Who are those stealthily clad Ninjas creeping around one of the nation's most prestigious college campuses?
Swarthmore College students, that's who.
Their mission? Deliver Valentine's cards, affectionately known as Ninja Grams, sent by Swarthmore students and staff to students and staff.
Their work comes with a price. Order just a card, it's $3. Want to add a truffle? Add a dollar. Oh, and if you'd like your Ninja deliverers to faux fight, that will be another $3.
"There's also a discount for bulk," said Julia Morriss, 20, a chemistry and biology major, who was manning the "Ninja Central" desk on the 1,620-student campus in Delaware County last week.
It's all for a good cause. This year, proceeds will be donated to Engineers Without Borders, which aids developing countries.
Morris and her sidekick — who would identify herself only by the sign she carried, "Just a Potted Plant" — were among the Ninja deliverers sneaking around the campus on Friday in their black garb and balaclavas, toting colorful swords. They hand-carried red cards with a Ninja heart inked in black, burst into classrooms where heady subjects were being debated and delivered the goods to unsuspecting recipients.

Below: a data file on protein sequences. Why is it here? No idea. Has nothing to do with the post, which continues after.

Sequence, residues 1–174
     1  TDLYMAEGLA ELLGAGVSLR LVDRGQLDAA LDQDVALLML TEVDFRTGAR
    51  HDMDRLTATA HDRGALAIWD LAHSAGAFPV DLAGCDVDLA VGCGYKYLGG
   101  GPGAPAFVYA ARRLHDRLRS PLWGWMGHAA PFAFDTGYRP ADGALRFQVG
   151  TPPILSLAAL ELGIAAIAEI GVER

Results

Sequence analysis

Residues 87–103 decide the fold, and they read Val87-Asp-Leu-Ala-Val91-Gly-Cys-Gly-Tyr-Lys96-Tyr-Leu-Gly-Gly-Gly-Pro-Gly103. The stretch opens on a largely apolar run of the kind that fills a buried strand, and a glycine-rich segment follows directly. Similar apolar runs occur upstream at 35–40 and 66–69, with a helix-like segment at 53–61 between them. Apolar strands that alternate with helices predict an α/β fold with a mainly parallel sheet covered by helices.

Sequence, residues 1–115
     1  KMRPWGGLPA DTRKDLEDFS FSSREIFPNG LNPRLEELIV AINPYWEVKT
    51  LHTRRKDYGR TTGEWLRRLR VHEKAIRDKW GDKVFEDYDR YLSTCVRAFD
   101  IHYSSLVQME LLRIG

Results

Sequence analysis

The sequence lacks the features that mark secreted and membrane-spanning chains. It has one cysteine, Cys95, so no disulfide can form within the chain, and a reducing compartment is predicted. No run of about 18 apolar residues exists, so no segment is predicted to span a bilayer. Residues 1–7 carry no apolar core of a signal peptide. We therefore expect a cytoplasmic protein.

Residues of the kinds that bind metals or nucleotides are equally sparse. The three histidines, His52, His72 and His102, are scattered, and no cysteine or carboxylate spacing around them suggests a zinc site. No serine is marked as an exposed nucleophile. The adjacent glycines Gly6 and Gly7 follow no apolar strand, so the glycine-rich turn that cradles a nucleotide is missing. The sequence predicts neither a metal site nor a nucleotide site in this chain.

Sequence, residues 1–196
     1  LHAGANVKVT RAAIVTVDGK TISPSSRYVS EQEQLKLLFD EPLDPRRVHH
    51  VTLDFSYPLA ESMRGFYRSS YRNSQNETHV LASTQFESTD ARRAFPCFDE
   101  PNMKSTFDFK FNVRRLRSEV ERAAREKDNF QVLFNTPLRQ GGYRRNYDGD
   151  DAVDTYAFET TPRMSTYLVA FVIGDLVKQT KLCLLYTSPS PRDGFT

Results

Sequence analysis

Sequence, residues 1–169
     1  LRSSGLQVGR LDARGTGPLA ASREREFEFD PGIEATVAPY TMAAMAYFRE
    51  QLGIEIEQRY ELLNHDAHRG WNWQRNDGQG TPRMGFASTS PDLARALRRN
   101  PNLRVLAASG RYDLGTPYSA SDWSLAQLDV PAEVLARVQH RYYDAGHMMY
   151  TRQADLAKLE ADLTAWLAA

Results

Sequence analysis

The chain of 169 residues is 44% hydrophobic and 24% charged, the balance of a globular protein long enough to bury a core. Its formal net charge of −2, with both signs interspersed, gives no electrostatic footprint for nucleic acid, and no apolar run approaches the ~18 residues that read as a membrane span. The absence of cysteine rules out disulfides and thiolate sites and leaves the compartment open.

Sometimes they would prance and leap upon a fixture before laying down the card.
"We're stealthy," explained Morriss, who is from Hastings-on-Hudson, N.Y. "Most people think it's pretty fun. Most professors are pretty good about having us in there. We try not to be too disruptive, in and out in two minutes or less."
A white board at Ninja Central noted classrooms where deliveries were not welcomed – Bio 2, French 14, Physics 4, and Econ 21 — largely because quizzes were scheduled, Morriss said. Academics still trump sweet nothings on a campus where only 10 percent of applicants are admitted.
Ziv Stern, 20, a sophomore linguistics major from the Bronx, who was helping at Ninja Central, said students send the cards to friends or someone they want to embarrass a little bit.
"I sent one to my roommate. She sent one to me," Morriss said.
In a class on Arabic, recipient Coleman Powell, 20, a sophomore from Lowell, KY., smiled.
"It's very heartfelt," Powell said.
In another class, the female recipient looked less than pleased.
"Some people think we're kind of annoying," Morriss acknowledged.